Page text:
Our Greensboro vets frequently see hypothyroidism in dogs ranging from 4 - 10 years of age, and of many different breeds. This uncomfortable condition can impact your dog’s quality of life and cause a host skin problems. Today we look at the causes and symptoms of hypothyroidism in dogs, and how it can be treated.
What is hypothyroidism is dogs?
Located near the top of your dog's neck, the thyroid gland produces a hormone called thyroxine, which controls metabolism (the process of converting food into fuel). Issues occur when the thyroid either becomes overactive (hyperthyroidism) or under-active (hypothyroidism). If your dog is suffering from hypothyroidism it means that the thyroid isn't producing enough thyroxine to maintain a healthy, normal metabolism.
In dogs, hypothyroidism is most often caused by one of two diseases:
- Lymphocytic thyroiditis is the most common cause of hypothyroidism in dogs and is believed to be an immune-mediated disease. Which means that your dog's immune system decides that the thyroid is abnormal or foreign and attacks it. While this condition is not well understood it is believed that genetics play a role.
- Idiopathic thyroid gland atrophy which occurs when normal thyroid tissue is replaced by fat tissue.
Hypothyroidism can affect any breed of dog, but is most often found in medium to large breeds such as Irish setters, boxers, dachshunds, cocker spaniels, doberman pinschers and golden retrievers, at about 4 to 10 years of age. Neutered males and spayed females are also at higher risk of developing hypothyroidism, although it is unclear why this is the case.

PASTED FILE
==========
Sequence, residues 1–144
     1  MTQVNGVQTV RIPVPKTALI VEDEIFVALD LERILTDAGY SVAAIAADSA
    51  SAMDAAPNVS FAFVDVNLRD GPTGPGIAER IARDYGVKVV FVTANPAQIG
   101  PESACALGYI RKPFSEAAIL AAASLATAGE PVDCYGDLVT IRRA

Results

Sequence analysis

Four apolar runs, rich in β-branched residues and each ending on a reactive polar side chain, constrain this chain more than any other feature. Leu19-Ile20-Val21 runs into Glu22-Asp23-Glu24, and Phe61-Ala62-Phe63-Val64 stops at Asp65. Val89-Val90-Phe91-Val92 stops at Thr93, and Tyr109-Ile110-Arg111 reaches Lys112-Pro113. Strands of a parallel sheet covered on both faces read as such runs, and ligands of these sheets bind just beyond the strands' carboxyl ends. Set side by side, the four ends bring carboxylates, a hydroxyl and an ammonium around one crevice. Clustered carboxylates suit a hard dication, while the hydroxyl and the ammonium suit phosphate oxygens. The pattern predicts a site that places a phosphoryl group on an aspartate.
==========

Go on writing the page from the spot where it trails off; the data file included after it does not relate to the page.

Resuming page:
What are the most common signs and symptoms of hypothyroidism in dogs?
Lack of thyroid hormone in the bloodstream results in a number of changes in the dog's body since thyroid hormones are responsible for maintaining a normal metabolism, normal tissue repair levels and a healthy immune system. Common symptoms of hypothyroidism in dogs can include one or more of the following:
- Sores and scabs on skin
- Weight gain without increased appetite
- Repeated superficial skin infections
- Muscle loss
- Slow heart rate
- Ear infections
- Drooping facial muscles
- Infertility in male dogs
- Black patches on skin
- Inability to tolerate cold temperatures
- Excess scaling or shedding
- Excessive dandruff
- Ear infections
- Reduced physical activity
- Lack of coordination
- Lack of heat periods or miscarriage in females
- Darkening of skin
- Skin infections that do not clear up
- Rough, dull coat
- Thinning of fur
- Flaky, itchy skin
- Toenail infections
- Head tilt
- Fatty deposits in eyes
How is hypothyroidism diagnosed in dogs?
While not life-threatening, left untreated this disease can make your dog very uncomfortable and unhappy. If your vet believes that your dog's symptoms are being caused by hypothyroidism a series of blood tests can be done to diagnose this condition, so that treatment can begin.
What is the treatment for hypothyroidism in dogs?
Dogs diagnosed with hypothyroidism are frequently prescribed a manmade hormone called levothyroxine (L-thyroxine) which will need to be taken orally on a daily basis for the rest of your dog’s life. Other therapies and treatments include, low dose natural hormone replacement, homeopathy and glandulars that may help healing, fermented foods, high-quality, gluten-free natural foods, as well as increased exercise in nature and fluoride-free filtered water.
Changes to your dog's diet may also help to reduce symptoms of hypothyroidism. If your dog shows signs of having sensitivities to certain foods or substances your vet will need to identify the problematic substances so that you can avoid them, or your vet may recommend integrating a few natural fibrous nutrients such as green beans, carrot, cucumber, cooked broccoli, and mushrooms into your dog's diet.